Is Apple lying about its reception glitch?
Not only did Consumer Reports magazine announce today that it can’t recommend Apple’s iPhone 4 because of faulty reception, the report also calls into question Apple’s recent explanation of the problem as a calculating problem. “When your finger or hand touches a spot on the phone’s lower left side—an easy thing, especially for lefties—the signal can significantly degrade enough to cause you to lose your connection altogether if you’re in an area with a weak signal. Due to this problem, we can’t recommend the iPhone 4,” read the post to the magazine’s Electronics blog.
(More on Techland: The Next iPod Should Just Be An AT&T-Less iPhone 4)
The magazine claims it tested three different iPhone 4s, all bought at separate stores, inside a radio frequency isolation chamber. (Meaning: no outside signal interference.) The tests confirm what users have been fuming about for weeks, that placing a finger over the bottom left of the phone can reduce the phone’s signal, or even drop the call entirely, but things get even more disturbing when CR claims that AT&T may not be the weakest link when it comes to spotty iPhone reception. (Though the problem can be fixed with Scotch tape.)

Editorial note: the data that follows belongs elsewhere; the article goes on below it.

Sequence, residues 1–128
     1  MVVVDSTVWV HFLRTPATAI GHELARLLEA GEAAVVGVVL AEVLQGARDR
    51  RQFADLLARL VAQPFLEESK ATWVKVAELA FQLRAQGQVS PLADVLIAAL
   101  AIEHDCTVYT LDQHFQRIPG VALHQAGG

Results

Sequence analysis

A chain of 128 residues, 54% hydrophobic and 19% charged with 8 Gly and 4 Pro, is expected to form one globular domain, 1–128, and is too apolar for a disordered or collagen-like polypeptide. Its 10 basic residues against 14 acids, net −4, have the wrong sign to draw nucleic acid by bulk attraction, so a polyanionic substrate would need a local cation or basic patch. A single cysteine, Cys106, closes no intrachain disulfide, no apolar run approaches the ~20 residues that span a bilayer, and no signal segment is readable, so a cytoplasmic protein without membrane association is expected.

Aside from its disastrous reception issues, CR went on to rate the phone highly due to its improved battery life and sharp display, but the magazine claims it won’t recommend the iPhone 4 until “a permanent – and free – fix for the antenna problem.”
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